VenusDeWillendorf Fri 27-Sep-13 10:53:55

There were quite a few parents who signed "no" to all the photos, videos etc in our local school, but they were heartbroken that their dcs weren't in the team photos, school show videos etc etc.

Maybe the teacher was a bit insensitive, and could have double checked with you in a more serious setting, but I feel that there's no harm double checking with you.

If the parents who signed "no" had been fully aware of their decision on their dcs in the school, I doubt they would have signed "no".

As it was their dcs were made stand to the side, and leave the show video and photo, and not get photographed in the team as their parents had said "no" without fully realising what it entailed for their dcs. <The exclusion was perhaps an ott reaction from the school, but they were obliging the parents' requests in their opinion: the children of course were intensely embarrassed with the fuss>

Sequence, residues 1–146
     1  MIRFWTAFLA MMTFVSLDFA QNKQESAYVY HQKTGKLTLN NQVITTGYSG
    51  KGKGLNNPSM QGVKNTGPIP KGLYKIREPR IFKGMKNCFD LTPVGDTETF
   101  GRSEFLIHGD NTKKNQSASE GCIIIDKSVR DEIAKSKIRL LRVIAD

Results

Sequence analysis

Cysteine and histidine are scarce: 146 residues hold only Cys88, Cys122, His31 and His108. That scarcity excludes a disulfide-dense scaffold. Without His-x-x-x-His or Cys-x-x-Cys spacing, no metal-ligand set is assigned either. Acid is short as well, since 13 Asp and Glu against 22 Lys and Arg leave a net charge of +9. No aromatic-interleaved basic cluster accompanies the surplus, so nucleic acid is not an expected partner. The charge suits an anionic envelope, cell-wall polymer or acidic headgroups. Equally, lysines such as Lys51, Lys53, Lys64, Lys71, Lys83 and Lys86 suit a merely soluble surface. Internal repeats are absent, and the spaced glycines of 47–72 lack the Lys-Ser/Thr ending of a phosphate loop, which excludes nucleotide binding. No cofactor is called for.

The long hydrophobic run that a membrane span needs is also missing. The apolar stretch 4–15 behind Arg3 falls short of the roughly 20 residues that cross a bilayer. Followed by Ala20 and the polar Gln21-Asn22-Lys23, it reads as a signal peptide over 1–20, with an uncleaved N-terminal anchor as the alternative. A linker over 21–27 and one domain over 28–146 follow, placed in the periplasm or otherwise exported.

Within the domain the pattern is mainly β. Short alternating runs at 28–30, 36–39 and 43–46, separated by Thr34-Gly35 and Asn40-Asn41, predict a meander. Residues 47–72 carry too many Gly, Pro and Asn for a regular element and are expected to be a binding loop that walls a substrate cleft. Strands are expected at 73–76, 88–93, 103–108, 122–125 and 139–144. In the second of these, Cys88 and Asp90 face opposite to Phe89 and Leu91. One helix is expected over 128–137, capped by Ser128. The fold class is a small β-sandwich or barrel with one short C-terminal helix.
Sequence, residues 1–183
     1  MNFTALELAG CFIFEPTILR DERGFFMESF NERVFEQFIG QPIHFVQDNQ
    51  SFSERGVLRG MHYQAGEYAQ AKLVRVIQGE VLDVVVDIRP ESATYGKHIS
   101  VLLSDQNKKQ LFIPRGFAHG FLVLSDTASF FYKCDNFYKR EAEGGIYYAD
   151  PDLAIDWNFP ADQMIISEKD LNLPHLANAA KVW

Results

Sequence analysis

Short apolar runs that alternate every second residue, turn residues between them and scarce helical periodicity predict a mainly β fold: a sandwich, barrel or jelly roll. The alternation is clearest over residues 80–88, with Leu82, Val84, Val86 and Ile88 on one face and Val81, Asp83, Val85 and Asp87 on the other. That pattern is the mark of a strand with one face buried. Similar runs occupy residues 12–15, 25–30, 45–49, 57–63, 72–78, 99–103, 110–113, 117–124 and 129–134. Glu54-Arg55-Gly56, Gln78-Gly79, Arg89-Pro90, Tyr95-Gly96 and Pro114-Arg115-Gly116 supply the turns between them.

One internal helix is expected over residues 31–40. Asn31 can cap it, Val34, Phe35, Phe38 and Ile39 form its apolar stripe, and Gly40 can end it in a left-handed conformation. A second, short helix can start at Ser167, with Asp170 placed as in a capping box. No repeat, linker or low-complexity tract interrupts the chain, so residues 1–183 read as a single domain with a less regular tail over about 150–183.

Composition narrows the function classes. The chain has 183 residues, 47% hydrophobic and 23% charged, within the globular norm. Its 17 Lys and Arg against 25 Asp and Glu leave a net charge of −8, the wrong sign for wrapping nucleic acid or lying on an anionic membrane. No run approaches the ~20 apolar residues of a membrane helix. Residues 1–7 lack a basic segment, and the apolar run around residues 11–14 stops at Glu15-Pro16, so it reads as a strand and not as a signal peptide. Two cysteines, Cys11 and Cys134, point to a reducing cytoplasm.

You could ask that your DC always has his back to the camera, so he's not excluded from the class: this might be the best option for him, rather being branded a freak by his class, for whatever (legitimate) reason you have to keep him undocumented.

Weller Fri 27-Sep-13 10:58:13

I could imagine if the teacher edited the children out and posted the video some parents would complain and be asking why the teacher didn't ask. A bit of a no win situation.

EmmelineGoulden Fri 27-Sep-13 11:01:10

I don't think it's wrong of the teacher to ask over a specific case. But the way she asked (all the others have agreed etc.) was wrong. She should have made it very clear that she understands your default position is no and that whatever your reasons are she respects them but was just wondering if this specific instance would fall outside fo thse reasons.

MrsOakenshield Fri 27-Sep-13 11:09:25